A logging camp along the Segama River in Sabah, Borneo.
There are many different ways to frame an issue, and for Lanting that can sometimes mean taking a more conceptual approach. While in Costa Rica, he met up with two veteran photographers, Michael and Patricia Fogden, who were the last to photograph the golden toad. Once abundant in a small region of cloud forests, the golden toad hasn’t been seen anywhere since 1989 and is now classified as extinct. Yet, people still sell postcards of the toad, as it has become an iconic species symbolizing the Costa Rica rain forest. To illustrate the consequences of extinction, Lanting bought a bunch of the postcards and shredded them to visualize the loss. He then arranged the cards in the foreground of his image with the Fogdens posing in the background. Extinction is one of the more challenging issues to photograph because the subject is gone, so in finding a photographic solution that was more conceptual than literal, Lanting was still able to make a powerful visual statement.
Driven by a sense of urgency, conservation photography has surged in the last decade. Lanting calls it a niche that’s just now growing up and coming into its own. The formation of the International League of Conservation Photographers, of which Lanting is a fellow, is a good indication of just how serious the field is becoming. The accelerated erosion of biological diversity because of natural habitat loss, pollution, overconsumption and especially climate change plays a major role in explaining why. And, at this point, there are more issues to photograph than there are photographers, making the images that are getting taken an even more essential part of the broader conservation movement. In Lanting’s words, it’s not sufficient anymore to celebrate the natural wonders of the world without incorporating the realities they face.
“You need to be smart about this,” says Lanting. “It’s not sufficient to translate your own emotional reaction to seeing something that you don’t like to see, taking a picture of it and moving on. That’s not enough anymore. On a global level, it’s very difficult to make these kinds of photographic statements. Ultimately, every environmental issue becomes a local one.”
People walk through a dust storm during a drought in southern Madagascar.
Lanting points to the work of James Balog and Michael “Nick” Nichols as significant examples. With Balog, what makes his contribution important is its specific nature. Balog heads up the Extreme Ice Survey, in which time-lapse cameras are used to document the rapid reduction in ice taking place on glaciers in Greenland, Iceland, British Columbia, Alaska and other locations. Many photographers, including Lanting, point to Nichols’ hard-won images of Central Africa’s forests and wildlife taken during the late 1990s as a key factor that helped establish national parks in the nation of Gabon.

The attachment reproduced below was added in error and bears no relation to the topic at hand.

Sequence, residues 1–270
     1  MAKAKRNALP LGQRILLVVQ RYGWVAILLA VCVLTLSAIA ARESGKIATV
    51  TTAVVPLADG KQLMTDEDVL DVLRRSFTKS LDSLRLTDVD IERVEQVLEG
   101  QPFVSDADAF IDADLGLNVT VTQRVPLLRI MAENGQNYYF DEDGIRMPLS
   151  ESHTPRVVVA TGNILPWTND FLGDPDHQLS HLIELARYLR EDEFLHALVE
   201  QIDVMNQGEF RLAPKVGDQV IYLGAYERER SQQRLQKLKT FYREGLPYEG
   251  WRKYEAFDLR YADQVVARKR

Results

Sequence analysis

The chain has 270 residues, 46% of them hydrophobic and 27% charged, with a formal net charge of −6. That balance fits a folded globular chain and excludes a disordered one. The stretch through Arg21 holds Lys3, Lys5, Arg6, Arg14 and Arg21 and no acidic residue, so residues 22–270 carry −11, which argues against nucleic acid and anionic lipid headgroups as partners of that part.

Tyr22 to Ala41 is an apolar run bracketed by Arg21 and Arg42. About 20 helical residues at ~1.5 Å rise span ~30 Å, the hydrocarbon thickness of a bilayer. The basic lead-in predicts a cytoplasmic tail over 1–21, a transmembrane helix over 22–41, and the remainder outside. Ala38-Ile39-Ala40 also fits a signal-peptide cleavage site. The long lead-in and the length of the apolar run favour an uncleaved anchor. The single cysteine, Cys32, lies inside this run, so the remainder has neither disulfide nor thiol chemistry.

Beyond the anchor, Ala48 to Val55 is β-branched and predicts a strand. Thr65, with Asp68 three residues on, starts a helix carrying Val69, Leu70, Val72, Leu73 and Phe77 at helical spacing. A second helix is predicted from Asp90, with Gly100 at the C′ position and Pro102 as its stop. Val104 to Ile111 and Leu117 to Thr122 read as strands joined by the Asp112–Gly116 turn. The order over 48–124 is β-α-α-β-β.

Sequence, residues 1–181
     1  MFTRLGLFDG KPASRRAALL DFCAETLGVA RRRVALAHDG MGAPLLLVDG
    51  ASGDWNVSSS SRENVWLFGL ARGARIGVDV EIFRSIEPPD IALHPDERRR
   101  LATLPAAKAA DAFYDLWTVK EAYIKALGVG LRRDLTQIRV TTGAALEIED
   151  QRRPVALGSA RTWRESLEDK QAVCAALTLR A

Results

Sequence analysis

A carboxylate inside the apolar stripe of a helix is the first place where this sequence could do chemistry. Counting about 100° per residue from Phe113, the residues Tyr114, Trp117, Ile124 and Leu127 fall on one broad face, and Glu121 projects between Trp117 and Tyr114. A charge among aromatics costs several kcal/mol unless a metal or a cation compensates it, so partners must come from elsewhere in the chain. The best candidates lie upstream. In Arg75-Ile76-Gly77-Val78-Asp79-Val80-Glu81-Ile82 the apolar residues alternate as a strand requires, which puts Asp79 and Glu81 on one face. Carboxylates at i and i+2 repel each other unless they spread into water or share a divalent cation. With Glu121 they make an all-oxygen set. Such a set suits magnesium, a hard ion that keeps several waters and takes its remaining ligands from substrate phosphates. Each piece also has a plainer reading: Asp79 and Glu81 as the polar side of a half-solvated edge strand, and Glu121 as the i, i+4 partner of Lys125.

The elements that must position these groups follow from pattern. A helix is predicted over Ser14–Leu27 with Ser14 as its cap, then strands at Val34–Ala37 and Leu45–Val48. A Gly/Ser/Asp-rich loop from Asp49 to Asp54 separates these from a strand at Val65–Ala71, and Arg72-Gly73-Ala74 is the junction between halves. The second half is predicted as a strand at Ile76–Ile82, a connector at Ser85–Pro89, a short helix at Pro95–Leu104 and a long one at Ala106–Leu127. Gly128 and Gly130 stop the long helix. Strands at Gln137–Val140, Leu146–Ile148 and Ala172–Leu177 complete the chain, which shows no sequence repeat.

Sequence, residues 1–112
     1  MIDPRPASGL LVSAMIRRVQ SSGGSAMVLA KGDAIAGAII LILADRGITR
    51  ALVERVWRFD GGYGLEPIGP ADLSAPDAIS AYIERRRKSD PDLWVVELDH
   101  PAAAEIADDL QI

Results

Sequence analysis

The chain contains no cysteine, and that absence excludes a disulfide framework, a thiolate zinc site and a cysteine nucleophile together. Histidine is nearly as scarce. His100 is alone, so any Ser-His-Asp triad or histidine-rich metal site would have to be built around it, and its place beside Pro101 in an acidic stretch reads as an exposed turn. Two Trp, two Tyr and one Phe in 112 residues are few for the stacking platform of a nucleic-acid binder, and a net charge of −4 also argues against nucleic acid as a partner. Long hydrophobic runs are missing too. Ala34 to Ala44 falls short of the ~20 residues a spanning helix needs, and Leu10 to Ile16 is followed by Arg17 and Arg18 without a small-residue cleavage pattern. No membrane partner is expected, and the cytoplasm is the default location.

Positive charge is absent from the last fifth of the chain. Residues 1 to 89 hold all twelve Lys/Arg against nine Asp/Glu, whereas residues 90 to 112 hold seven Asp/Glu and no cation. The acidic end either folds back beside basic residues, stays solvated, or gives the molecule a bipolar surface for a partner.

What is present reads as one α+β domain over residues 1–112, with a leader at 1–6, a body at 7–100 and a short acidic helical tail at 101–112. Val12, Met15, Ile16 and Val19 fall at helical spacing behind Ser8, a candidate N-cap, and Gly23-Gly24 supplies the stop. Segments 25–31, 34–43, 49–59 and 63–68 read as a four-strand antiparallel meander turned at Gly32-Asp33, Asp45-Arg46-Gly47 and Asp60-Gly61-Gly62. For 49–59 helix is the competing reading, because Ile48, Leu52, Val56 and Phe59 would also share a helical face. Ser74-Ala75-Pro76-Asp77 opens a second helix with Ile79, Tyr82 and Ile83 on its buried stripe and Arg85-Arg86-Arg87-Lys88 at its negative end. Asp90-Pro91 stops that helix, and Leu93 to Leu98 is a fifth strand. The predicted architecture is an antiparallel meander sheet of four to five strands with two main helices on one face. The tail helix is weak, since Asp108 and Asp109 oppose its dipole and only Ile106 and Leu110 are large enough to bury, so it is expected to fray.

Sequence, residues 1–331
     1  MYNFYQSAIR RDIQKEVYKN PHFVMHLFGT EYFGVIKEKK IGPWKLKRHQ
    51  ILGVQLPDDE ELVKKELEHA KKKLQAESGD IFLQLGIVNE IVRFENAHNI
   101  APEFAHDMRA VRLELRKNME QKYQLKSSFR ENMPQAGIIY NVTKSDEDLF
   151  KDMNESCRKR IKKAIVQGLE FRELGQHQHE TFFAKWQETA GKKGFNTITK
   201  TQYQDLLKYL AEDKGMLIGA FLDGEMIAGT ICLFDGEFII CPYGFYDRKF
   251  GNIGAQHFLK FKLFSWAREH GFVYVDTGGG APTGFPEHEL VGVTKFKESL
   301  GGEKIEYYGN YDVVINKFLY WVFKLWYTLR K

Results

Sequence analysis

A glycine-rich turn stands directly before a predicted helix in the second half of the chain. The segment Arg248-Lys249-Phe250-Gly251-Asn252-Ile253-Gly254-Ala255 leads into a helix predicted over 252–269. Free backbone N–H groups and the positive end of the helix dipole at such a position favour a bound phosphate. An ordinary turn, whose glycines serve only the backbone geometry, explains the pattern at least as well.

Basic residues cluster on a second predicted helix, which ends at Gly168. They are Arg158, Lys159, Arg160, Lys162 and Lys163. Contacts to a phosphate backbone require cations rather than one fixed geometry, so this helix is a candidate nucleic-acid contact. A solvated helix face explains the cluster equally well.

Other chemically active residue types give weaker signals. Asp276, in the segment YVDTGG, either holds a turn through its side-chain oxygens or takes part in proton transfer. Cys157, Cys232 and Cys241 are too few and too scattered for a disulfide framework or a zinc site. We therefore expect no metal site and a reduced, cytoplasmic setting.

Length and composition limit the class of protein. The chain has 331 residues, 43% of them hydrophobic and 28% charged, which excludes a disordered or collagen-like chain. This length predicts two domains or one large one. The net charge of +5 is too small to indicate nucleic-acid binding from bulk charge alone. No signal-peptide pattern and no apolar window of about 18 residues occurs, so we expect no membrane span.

There’s no doubt that photography has the power to shape perceptions, but in today’s digital world, society is inundated with visual messages vying for attention. So if creating images to advance learning, thinking and decision-making on how to sustain development without causing more damage to the environment is to move forward, it will have to compete in a world that’s growing noisier and more distracted. When asked how he sees conservation photography evolving, Lanting says he’s encouraged by the heightened concern among photographers willing to embrace the responsibility of tackling these issues with their cameras.
“I think that the boundaries between nature and environment will become even more diffuse,” he says, “and that we’re going to consider them not as opposing entities because we’re going to start looking at nature as the fabric of life. That it’s really a life-support system for people all over the planet. We live in a world that’s globalizing very rapidly and in the same way we’re going to have to start looking at nature in a more global fashion. At the same time, I think that the concept of sustainability is going to become a lot more important. We need to take from nature otherwise we can’t survive. But we also have to give back to nature otherwise nature won’t survive. So it’s a give and take, and a balance needs to be struck. It’s up to us as photographers to give voice to the natural world.”
Frans Lanting is a preeminent nature photographer, Outdoor Photographer columnist and frequent contributor to National Geographic magazine. You can see more of Lanting’s work at his website, www.franslanting.com.